What is Private Debt?

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At Alitis we include a variety of asset classes within a client’s portfolio with the goal of reducing risk to provide better risk-adjusted returns. One of these asset classes is Private Debt, which forms part of the Alitis Strategic Income Pool and the Alitis Income and Growth Pool.

But what is private debt and how is it helping your investment portfolio at Alitis?

Private Debt

Private Debt Investments are loans made to individuals and companies that are not created or financed by the banks, nor are they traded in the open market. These are loan contracts that are individually negotiated between the lender and the borrower.

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With these negotiated contracts a private debt company can set specific criteria for the loan’s interest rate, term, covenants, charges, and other factors. The debt provider conducts a thorough due diligence on the borrower using various risk and credit metrics to increase the likelihood that the principal and interest payments are paid in full and in a timely manner. The risk and credit committees and the underwriting teams secure extra protection against potential losses by obtaining collateral against the loans. Collateral can be in the form of real assets (buildings, land, inventory, and equipment), revenue, receivables, or it can be backed by the overall company or the owners of the company. It’s these extra levels of protection that provide more certainty to the borrowers’ profile and their ability to meet their debt obligations.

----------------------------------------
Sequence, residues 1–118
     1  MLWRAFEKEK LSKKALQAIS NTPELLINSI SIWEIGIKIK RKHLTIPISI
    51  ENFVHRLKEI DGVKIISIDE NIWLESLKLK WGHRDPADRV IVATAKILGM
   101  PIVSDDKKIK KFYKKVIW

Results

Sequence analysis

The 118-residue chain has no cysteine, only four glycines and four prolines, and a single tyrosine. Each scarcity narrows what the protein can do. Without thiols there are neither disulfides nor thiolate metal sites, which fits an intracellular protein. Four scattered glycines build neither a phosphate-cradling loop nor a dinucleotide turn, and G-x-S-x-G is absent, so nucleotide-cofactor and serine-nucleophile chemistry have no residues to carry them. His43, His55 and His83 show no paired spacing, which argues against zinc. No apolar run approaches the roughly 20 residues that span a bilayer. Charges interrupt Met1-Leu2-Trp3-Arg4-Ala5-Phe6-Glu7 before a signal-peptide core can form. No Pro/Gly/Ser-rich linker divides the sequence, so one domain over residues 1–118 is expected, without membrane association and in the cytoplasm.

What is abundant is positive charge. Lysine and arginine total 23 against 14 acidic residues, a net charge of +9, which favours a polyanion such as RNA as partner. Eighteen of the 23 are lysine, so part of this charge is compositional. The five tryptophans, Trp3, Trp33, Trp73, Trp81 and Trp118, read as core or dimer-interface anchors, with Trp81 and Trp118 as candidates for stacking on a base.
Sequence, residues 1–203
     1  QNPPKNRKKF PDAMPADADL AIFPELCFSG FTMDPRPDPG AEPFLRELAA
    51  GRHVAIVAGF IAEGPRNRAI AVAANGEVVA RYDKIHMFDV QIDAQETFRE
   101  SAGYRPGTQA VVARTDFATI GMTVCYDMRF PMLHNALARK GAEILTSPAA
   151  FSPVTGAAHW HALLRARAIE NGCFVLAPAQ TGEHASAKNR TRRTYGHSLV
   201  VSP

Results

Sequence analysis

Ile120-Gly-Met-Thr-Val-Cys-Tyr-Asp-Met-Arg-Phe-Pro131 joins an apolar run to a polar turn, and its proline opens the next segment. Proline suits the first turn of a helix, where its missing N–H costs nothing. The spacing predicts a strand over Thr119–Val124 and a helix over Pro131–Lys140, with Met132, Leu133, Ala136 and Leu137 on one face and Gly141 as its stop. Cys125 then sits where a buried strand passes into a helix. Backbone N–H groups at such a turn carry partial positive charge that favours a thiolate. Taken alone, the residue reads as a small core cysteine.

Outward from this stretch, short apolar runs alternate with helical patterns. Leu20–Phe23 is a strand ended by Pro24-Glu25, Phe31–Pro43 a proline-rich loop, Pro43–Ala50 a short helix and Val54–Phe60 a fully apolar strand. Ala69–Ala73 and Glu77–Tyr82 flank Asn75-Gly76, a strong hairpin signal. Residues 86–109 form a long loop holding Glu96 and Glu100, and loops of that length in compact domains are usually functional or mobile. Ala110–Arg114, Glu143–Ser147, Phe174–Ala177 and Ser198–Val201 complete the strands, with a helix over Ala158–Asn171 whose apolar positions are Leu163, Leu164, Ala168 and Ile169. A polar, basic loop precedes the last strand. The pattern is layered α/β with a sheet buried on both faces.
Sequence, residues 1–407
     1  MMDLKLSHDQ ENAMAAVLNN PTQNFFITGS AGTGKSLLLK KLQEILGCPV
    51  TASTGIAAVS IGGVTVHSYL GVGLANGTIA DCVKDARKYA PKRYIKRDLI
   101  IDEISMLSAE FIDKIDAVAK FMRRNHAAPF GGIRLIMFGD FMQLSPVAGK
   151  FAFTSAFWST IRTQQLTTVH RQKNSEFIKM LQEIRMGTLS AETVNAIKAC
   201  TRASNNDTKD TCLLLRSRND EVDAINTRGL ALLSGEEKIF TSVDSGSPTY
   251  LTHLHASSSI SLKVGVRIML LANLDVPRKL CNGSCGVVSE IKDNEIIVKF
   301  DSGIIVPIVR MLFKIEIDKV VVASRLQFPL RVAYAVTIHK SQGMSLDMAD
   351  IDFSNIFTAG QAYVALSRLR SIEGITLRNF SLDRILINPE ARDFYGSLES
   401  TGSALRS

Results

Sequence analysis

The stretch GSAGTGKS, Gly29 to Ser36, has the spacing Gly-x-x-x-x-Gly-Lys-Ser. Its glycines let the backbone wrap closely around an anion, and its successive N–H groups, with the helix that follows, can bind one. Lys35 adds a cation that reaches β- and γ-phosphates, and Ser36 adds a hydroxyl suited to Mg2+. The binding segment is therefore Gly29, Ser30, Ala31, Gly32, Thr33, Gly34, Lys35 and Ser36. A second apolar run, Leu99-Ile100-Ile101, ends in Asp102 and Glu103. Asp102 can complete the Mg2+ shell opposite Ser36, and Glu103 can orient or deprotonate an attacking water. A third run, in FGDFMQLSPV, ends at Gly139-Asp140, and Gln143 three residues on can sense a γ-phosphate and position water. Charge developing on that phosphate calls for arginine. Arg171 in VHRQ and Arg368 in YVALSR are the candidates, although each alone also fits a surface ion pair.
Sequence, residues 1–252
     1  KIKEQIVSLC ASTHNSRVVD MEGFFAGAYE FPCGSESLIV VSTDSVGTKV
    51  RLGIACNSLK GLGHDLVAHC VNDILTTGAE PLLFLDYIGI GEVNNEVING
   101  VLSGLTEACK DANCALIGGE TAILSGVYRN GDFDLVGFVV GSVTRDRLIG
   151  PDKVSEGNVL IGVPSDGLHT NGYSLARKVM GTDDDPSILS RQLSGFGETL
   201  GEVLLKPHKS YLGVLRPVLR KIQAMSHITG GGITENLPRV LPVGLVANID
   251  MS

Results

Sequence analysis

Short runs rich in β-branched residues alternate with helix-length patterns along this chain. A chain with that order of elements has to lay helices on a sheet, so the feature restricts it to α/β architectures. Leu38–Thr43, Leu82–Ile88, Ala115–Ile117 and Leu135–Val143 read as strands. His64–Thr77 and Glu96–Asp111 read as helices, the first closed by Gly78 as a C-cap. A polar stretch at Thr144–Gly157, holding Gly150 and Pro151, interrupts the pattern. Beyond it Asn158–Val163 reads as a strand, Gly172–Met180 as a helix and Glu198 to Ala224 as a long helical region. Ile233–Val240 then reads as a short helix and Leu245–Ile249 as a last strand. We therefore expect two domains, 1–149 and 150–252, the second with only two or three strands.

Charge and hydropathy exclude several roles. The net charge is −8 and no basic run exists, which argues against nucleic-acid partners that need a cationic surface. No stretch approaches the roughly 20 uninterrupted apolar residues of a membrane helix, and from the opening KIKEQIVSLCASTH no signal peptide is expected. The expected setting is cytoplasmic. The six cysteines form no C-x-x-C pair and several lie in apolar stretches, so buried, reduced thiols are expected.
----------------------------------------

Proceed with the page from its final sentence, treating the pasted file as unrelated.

Borrowers use private debt companies for a variety of reasons including increasing working capital, financing business growth, or significant capital expenditures. These borrowers often have relationships with banks and have access to traditional financing solutions. However, banks often take too long to approve a loan or have restrictions that might inhibit loan flexibility. This is when private debt provides the solution.

One important feature of private debt is its precedence in the company’s capital structure. Private debt can be mezzanine, subordinated or senior debt and all these loans rank above equity (stock ownership) and preferred shares. This protects the capital of the of private debt holders because in the case of a default, senior, subordinated and mezzanine debt, gets paid first (in that order).

How does it help your portfolio at Alitis?

Private Debt investments, due to being customized for each borrower and their unique situation, generally achieve higher returns than traditionally traded market debt securities. As mentioned above, there is no secondary market for these loans, so higher potential returns are the compensation for this reduced liquidity.

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Because the loans are not publicly traded, they are not marked to market daily which allows the investment to react differently than bond investments in the public markets. In finance when an investment reacts differently than another investment, we say that these investments are non- correlated. When these non-correlated private debt investments are added, the entire portfolio gets the benefit of diversification with risk, as measured by standard deviation, being reduced.

So, adding private debt to a portfolio may increase returns (higher interest rates/yields) and reduce risk (low, no, or negative correlation). That is a good thing and that is why we add private debt to our portfolios at Alitis.